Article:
By Oyeronke Oyewumi
Reproduced below is one of the numerous interventions circulating online on the controversies Aisha Buhari’s recent interview has generated. Written by a scholar in the Department of Sociology, Stony Brook University, Stony Brook, New York, it is reproduced for the value of allowing the Other to speak that it represents in this matter, particularly her treatment of the question/concept of space here. Rather beyond the banal – Editor
President Muhammadu Buhari has kicked the hornet’s nest. A couple of days ago, responding to a question from the press, he made the following statement: “I don’t know what party my wife belongs to but she belongs to my kitchen, my living room and the other room.” The reaction to this statement by Nigerians, at least on social media is to denounce the President for what many consider his unbridled sexism, patriarchal fundamentalism and for his churlishness in limiting WOMEN’S role to the circumscribed space of a kitchen. Many members of the female gender clearly took his pronouncement personally, and saw it as a broad statement on the role of women in society. I beg to differ.
Firstly, it is disingenuous to start the discussion of this dispute with Buhari’s statement. The President was reacting to Aisha Buhari’s own pronouncements about him and his government on a BBC interview. Her remarks were provocative, to say the least. The First Lady had gone PUBLIC criticizing the government for its failure to fulfill its promises to the millions of citizens who had voted for him. If, as she suggested, his government has been hijacked through the appointment of people he does not know to head various governmental agencies, it implies that he is incompetent, obtuse and failing in his job. If he is appointing people without a “mission” or “vision” as she asserts, where is his own vision?
Secondly, her remarks that she has listened to “complaints upon complaints” from individuals and collectives alike about his government serves to legitimize the claims of the opposition, and detractors that there is widespread disaffection in the land. She did all this under the Klieg light of public glare!
What is a man to do? I pose the question thus because it is clear that Aisha’s stance was not that of a common citizen but that of a privileged insider—a wife. I read the words “my wife belongs in the kitchen” literally as a remark pertaining to his wife, Aisha alone, and not about women in general. We see that the First Lady herself had personalized her own statement by preemptively asserting “ I have my own right you know to say how I feel about something.” Then the coups de grâce: “If it continues like this, me, I am not going to continue with any movement again.” However we want to cut it, Aisha Buhari is voicing disapproval of her husband, the President, publicly! Chai, the domestic quarrel was already on before he ever spoke. Is it any wonder then that he reacted the way he did? Buhari is a patriarch; what’s new about that? The surprise or even shocking behavior here is not that of the President but Aisha’s! It is insincere to reduce Aisha to an ordinary citizen in this discussion because she is using her access to the President and such information that she is privy to, to find fault with him. As we can see from his need to immediately put her in her place (as his wife, first), he clearly took it personally. To his credit, he went on to assert his expertise in politics, not because of his gender, but because of his experience running for the Presidency, and finally succeeding at the fourth try. As he puts it: “I claim superior knowledge over her and the rest of the opposition.” From this view, she clearly belongs with the said opposition.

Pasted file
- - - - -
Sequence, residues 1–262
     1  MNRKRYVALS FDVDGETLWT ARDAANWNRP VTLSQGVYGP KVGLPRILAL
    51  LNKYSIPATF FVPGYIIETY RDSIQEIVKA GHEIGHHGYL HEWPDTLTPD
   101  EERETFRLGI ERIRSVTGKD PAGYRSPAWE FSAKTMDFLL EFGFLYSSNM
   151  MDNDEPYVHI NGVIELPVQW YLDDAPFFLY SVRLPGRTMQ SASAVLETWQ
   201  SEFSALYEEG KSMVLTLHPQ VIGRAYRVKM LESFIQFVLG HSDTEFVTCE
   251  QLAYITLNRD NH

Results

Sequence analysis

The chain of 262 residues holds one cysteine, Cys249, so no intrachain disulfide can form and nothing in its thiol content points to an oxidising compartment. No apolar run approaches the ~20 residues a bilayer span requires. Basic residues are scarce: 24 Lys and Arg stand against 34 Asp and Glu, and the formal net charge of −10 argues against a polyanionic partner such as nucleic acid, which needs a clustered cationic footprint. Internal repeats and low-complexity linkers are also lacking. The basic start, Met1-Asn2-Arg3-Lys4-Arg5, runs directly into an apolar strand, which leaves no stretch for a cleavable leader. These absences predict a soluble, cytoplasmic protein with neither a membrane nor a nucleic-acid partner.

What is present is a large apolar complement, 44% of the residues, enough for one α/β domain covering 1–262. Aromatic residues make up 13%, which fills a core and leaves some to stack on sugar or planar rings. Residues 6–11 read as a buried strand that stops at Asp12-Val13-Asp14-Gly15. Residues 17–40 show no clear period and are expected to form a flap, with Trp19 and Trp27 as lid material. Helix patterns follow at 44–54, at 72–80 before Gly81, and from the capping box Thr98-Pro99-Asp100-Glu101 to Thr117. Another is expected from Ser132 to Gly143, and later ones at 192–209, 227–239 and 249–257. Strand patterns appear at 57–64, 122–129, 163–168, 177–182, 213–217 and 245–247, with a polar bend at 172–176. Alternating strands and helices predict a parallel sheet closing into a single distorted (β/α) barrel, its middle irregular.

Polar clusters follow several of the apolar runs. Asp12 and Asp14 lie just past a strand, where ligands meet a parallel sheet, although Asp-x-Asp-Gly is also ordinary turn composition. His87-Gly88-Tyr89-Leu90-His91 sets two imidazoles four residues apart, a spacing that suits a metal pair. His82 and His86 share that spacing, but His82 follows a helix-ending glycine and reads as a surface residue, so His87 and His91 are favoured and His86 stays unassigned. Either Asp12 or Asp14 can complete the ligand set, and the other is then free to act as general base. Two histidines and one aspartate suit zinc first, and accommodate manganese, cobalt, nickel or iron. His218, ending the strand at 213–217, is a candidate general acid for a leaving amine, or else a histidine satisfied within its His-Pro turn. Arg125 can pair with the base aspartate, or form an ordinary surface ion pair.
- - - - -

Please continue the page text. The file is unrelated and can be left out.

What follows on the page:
Finally, in his eyes, Aisha is not without her own area of expertise in which she has superior knowledge: the kitchen. The Hausa translation of the kitchen statement as reported in Hausa, is clear and unambiguous, Buhari ya ce babban aikin matarsa shi ne dafa abinci: Buhari says, the big job that his wife (not women in general) has is cooking of food (my translation). In English, the focus of the statement is on space—the kitchen as a place. In Hausa, the focus is on expertise or what actually goes on in the kitchen. Is there another level of insight here? I don’t know. However, the knee-jerk reaction against the idea of women operating in the kitchen stems from the Eurocentric binaries that if one is located in the kitchen then one cannot operate elsewhere. In cultures where women have been trading, cooking, farming and what have you for eons, the understanding may be different.
One last question: Is Aisha a revolutionary or is she about to walk? If as Aisha Buhari says, “If it continues like this, me, I am not going to continue with any movement again.” Haba Aisha, we must now ask whether she will be willing to vote for him anywhere including the “other room.”